# Approximately directed graph of logic types

I'm not sure if this is the right stack to post this question.

Given there are many types of logic; Syllogistic, Symbolic, Modal, Deontic, Temporal, Epistemic, (non)monotonic, formal, informal, FOL, Propositional, Predicate, and the list goes on, I am struggling to understand how they relate to one another (some more than others).

Can they be represented in some form of (approximately) directed graph? Has anyone made an attempt to do this? Is there a reference I can read that would help me understand how the categories relate to one another?

I am, in asking this question, more interested in developing an overall mental map than looking for specific differences between the categories, which I can determine by reading about each. Cheers.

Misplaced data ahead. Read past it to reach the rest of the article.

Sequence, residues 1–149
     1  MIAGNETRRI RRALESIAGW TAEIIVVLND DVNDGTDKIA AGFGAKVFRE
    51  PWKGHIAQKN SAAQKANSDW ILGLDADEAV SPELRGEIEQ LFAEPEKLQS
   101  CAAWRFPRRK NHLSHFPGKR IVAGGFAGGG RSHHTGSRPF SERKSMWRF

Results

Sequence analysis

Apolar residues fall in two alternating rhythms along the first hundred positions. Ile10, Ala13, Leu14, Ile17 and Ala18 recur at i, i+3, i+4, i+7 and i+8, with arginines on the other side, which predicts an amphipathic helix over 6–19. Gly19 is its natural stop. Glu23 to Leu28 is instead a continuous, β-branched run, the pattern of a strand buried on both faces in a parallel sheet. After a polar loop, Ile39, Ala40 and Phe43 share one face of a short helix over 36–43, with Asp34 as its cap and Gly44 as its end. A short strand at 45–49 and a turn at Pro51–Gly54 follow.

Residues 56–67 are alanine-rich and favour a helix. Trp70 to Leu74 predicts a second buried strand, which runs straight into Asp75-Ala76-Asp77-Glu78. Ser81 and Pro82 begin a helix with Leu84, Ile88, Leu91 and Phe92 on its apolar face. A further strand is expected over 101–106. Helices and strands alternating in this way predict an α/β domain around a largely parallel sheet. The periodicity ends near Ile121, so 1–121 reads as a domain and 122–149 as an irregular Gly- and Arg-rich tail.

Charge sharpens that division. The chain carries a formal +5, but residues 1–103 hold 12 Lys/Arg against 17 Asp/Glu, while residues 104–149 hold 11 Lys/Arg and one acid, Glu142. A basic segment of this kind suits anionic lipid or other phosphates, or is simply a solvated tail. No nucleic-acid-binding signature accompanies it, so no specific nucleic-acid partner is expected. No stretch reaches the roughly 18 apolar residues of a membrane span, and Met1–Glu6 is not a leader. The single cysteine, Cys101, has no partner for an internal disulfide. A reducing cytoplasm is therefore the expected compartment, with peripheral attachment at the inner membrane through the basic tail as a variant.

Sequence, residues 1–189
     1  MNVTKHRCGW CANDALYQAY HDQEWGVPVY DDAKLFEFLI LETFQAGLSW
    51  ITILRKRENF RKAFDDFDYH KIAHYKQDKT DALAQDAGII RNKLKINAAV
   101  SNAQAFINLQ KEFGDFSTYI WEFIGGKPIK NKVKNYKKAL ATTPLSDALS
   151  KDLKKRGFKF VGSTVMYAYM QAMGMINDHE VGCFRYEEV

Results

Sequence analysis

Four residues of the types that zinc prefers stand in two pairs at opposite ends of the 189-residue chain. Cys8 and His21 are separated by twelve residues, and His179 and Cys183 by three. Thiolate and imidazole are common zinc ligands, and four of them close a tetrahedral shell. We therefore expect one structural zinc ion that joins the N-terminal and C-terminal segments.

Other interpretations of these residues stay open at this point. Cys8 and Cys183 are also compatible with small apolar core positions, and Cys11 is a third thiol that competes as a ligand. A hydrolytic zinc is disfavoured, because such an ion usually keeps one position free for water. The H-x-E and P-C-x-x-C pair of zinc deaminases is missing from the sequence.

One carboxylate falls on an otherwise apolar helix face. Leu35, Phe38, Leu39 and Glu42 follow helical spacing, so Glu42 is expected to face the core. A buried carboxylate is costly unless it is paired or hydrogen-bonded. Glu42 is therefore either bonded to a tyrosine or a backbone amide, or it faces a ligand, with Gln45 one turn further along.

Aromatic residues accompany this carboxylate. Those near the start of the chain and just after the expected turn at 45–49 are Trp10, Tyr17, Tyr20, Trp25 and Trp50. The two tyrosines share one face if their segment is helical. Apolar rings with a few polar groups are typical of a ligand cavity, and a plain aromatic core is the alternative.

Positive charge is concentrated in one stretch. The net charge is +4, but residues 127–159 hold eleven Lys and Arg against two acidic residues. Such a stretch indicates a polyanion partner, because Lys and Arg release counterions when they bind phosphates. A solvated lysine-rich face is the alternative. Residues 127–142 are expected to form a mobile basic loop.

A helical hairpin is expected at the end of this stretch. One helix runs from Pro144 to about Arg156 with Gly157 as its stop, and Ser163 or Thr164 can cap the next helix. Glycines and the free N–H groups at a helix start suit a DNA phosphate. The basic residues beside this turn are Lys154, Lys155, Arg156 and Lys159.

• Some are order by inclusion according to the expressive power of the language: propositional logic is the simplest (there is no analysis inside the elementary sentence). The next step is predicate logic: first order, second order and so on, according to linguistic entities that we can quantify: first order- only individual variables, second order- quantifier apply to predicate of individual variables, and so on. – Mauro ALLEGRANZA Nov 14 '20 at 8:58
• Syllogism is a subset of FOL: monadic predicate logic, i.e. predicates of individual variables are unary predicates (properties) only. – Mauro ALLEGRANZA Nov 14 '20 at 8:59

## 1 Answer

I recommend working through Graham Priest's Introduction to Non-Classical Logic. It'll give you an outline of the logical terrain and indicate relationships among logics in terms of what they count as valid.